After living in Sydney now for almost six months, I felt it was probably time to write my second monthly blog post – only four months late (oops). This being a semi-professional blog, I have opted for the least gimmicky, most original style I could think of – the How To Guide. Hopefully this and my clever rhyming title will entice a few more than the three people who read my last blog (hi fam), but I rather doubt it. Anyway, since you presumably clicked this heavily publicised link because you expected an insight into my life in Sydney, rather than self-pitying estimates of my readership, here goes.
You would have thought after such a long time Down Under I would have acclimatised somewhat to the heat. You’d be wrong. At 40°C, it seems I’m pretty incapable of anything more strenuous than turning up my fan. You learn to hop from one air conditioned building to another, and not leave unless you really really have to. It amazes me how Australians have such a reputation for sports considering how I manage to work up a sweat without even moving. I miss the cold.
Another survival tip regards the various deadly flora and fauna Australia is famed for. I can exclusively reveal that this is all fake news. Probably thought up by the same people who tell you the earth is round or that humanity landed on the moon. In the six months I’ve been here, throughout the four states and many beaches I have visited, I have seen not a single spider, shark, snake or croc to send me running. My Australian friends have all assured me that they are out there somewhere, lurking out of sight. I’m not so sure.
Undoubtedly the best thing about Sydney is the number of different people there are. Sounds obvious and oh-so-gap-yah, but I really have made friends from across the globe, from East Asia to South America, Lithuania to South Africa. The cultural comparisons and contrasts have already changed my outlook on myriad ideas, from styles of teaching to the food I’m eating. Having said that, there are a LOT of Brits here. You’d think Australia was once British or something…
As this is being posted on a University blog, I suppose I ought to mention my actual uni experience here – otherwise you might start thinking I don’t go to lectures or something. The style here is quite different to my experience of British unis. More work, but more independence. Last semester I took four courses and did only one exam, which was worth all of 30%. Much less pressure than home, where exams can ruin a student – particularly one who is as unwilling to revise as I am.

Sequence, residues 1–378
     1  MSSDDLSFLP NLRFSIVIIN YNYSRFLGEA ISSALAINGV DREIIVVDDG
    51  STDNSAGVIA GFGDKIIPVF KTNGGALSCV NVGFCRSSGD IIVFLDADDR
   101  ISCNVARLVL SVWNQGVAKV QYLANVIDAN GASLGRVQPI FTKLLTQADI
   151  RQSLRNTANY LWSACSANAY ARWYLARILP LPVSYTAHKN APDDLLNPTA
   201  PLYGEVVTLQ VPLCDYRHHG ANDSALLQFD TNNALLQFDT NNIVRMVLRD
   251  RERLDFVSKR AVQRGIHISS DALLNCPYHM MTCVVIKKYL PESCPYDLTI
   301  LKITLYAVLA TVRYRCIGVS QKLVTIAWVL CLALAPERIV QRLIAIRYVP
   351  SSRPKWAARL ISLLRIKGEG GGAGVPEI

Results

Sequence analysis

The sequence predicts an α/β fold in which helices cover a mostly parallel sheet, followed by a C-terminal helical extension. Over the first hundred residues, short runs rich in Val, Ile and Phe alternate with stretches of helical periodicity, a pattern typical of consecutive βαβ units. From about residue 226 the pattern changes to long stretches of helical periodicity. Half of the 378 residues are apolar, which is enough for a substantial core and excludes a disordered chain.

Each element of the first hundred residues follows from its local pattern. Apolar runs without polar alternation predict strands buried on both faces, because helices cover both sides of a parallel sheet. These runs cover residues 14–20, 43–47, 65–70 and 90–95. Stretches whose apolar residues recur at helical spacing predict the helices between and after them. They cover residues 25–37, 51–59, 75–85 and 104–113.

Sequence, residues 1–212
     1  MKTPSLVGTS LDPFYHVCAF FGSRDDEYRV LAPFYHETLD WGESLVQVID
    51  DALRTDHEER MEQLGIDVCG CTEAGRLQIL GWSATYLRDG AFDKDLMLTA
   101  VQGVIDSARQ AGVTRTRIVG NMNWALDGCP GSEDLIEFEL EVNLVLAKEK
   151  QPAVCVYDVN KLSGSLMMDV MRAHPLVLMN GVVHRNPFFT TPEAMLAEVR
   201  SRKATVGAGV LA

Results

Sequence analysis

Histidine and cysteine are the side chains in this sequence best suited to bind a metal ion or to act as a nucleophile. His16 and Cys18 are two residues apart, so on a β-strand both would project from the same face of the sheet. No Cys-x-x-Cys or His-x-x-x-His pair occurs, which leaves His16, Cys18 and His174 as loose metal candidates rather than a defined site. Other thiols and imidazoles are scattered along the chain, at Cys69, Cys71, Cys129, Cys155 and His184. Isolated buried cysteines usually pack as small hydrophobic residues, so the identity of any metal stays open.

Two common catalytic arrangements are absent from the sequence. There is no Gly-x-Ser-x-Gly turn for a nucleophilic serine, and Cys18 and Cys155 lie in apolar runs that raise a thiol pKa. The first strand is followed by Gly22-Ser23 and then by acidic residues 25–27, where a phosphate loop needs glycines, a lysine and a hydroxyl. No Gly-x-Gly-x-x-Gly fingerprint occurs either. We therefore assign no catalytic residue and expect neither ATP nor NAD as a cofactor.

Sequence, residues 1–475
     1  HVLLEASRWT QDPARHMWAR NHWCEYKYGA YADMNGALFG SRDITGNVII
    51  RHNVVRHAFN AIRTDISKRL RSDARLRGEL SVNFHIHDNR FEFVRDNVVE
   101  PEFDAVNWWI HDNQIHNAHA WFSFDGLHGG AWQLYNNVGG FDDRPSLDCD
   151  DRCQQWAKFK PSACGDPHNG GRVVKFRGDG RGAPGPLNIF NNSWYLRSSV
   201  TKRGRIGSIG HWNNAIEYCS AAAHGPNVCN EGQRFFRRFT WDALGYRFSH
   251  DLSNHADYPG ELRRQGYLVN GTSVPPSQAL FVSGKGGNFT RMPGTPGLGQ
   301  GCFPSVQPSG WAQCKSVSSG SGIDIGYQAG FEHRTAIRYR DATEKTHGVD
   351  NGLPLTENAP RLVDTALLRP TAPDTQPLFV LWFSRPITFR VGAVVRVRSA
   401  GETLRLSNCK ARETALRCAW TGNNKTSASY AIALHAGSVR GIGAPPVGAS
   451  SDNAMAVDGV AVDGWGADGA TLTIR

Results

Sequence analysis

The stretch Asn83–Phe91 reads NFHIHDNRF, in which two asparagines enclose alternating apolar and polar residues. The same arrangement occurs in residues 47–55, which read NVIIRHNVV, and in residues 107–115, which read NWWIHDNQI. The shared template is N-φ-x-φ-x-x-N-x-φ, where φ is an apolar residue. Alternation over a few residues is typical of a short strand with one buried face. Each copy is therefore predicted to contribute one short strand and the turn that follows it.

As seems obvious in a country like Australia, water sports are the real way to combat the heat. And what more iconic Australian water sport is there than surfing? Since going to a surf camp early in September, I’ve fallen totally in love with the sport. There’s something so strange and exhilarating about riding a wave that you just don’t get from team ball-based sports. Add the fact that falling in is actually refreshing, and surfing becomes in my opinion one of the greatest sports in the world (save for the aforementioned, obviously fake threat of shark attacks).
Another big aspect of Sydney life for me has been the travelling. Studying abroad has felt like one big holiday – with a ton of mini holidays scattered throughout. In the past six months I’ve visited Tasmania, Perth and the West Coast, and road tripped to Canberra and Melbourne. I’m currently writing this post halfway through a massive six-week trip to New Zealand. If you’re still willing to read my blog after this (that’s if you’ve even got this far), you can expect New Zealand to be the topic of my next monthly post – if not, you’ll probably see it sailing through your newsfeed in about six months time.
Hopefully this rather haphazard guide has answered that burning question you didn’t know you wanted answering – how to Survive, Thrive and Feel Alive in Sydney. Tough luck if it doesn’t – once I set my mind on having a rhyming title, this (and the resultant post I’ve somehow spun out to over 700 words) was unfortunately the best I could come up with.